CHICAGO (CBS) — If you’re looking for real talk from real Chicagoans, you go where they go.
In North Lawndale, they go to Del-Kar Pharmacy, on the corner of Ridgeway and 16th Street, and have for more than 60 years.
But what brought us here wasn’t prescriptions or a quick errand.
It was to talk politics. CBS 2 went to two parts of the city–the 24th and 41st wards–with very different views on the candidate they supported for mayor.
"I’m a resident of the City of Chicago, and I voted for Mr. Johnson," said Edwin Muldrow, who owns and operates Del-Kar, in the 24th Ward, consisting of North Lawndale and parts of Garfield Park.
An analysis of the total votes by ward in the mayoral runoff election, found Johnson had his strongest support in the 24th, with 83% of the vote.
"I think that will be his greatest strength is that when the young men and young women can see a positive Black male figure in that office," said Muldrow. "I think that will give the community something to strive and achieve for betterness."
Muldrow and frequent customer Anthony Mustafa Hayes agrees that Johnson can lead Black youth by example, but he also needs to give them something to do.
"When they don’t have anything to do, when it gets hot, they start shooting," Hayes said. "But if you give them something to strive for, or a job or a reason to get up every morning other than a reason to cause chaos, they might have a total different mindset."
Support for small businesses is another big issue they’ll be watching at the pharmacy and at Vetress Boyce’s beauty supply shop next door.
"Crime is just ridiculous, and it’s all over the city, right?" said Boyce. "So until you reinvest in communities and reinvest in people, like Brandon Johnson says, you’ll continue to get the same thing."
The 24th Ward has seen much of the same disinvestment and crime. Similar to scenes in Johnson’s Austin neighborhood. These voters hope the mayor-elect prioritizes improvements for the West Side.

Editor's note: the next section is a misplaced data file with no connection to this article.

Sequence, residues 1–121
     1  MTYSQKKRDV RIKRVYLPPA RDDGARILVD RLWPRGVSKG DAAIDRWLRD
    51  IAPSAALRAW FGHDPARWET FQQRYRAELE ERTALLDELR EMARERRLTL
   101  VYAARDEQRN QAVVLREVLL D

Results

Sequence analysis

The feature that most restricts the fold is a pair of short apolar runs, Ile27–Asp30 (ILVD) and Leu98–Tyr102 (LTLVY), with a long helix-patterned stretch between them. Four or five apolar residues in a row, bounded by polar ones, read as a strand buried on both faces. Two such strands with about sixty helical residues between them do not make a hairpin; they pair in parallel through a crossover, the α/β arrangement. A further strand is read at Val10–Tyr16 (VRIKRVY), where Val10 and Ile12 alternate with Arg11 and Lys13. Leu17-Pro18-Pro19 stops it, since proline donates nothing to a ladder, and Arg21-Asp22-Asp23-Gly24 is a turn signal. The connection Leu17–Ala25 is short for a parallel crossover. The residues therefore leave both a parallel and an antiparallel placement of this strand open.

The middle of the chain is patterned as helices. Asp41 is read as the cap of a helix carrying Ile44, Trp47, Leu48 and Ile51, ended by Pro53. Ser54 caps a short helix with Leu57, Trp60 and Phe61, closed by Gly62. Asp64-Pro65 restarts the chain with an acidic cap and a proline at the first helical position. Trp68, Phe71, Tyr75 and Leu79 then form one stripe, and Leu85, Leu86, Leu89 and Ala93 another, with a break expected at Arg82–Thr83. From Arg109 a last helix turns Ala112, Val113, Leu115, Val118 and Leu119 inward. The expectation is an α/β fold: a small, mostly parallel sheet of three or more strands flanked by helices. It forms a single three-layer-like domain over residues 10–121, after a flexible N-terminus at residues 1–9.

"I just ask the city for now let’s just pray for Brandon, to make sure that he does the right thing," said Boyce. "That he’s effective, that he doesn’t put an ego in front of people and hold him to his word."
In the 41st Ward on the Northwest Side, Johnson faces more of a challenge to win over constituents. It had the most votes for his challenger, Paul Vallas.
That ward includes O’Hare, parts of Norwood Park and Edison Park. What do Vallas voters want from Johnson? Mary Bolger shared her thoughts. She’s lived here 30 years.
She wants "equal division around the whole city. The city is not just one area, one neighborhood, one section. We’re all Chicago.
"My son is a fireman, he lives on the South Side of Chicago," Bolger said. "I don’t want any more than I do for here than I do for there."
CBS 2 was turned down at least two dozen times for interviews.
Voters had no desire to appear on camera, much less talk about Johnson. And it makes sense, in a ward where Vallas got 86% of the vote.
Judith Kettenbeil has lived in Edison Park 23 years, and she broke the mold.
"I voted for Johnson," said Kettenbeil. "I was afraid of some of Vallas’ issues and so I thought I would give Johnson a chance, but I’m not real crazy about him either."
Regardless, she hopes he’ll make the most of his moment on issues that matter.
"I’d like to see the qualifications for police officers upped," said Kettenbeil. "I’d like to see them bring more people in with good backgrounds who are qualified. I’d like to see him invest in education and in the neighborhoods."
That’s really what it comes down to. No matter the ward or the vote split, people in each corner of Chicago want to feel seen, their problems heard and attempted to be solved.
Every ward will be watching as it becomes the work of Brandon Johnson on May 15.
Region: Chicago,Politics,City: Chicago
via Politics – CBS Chicago https://ift.tt/O6Dosqh
May 9, 2023 at 04:59PM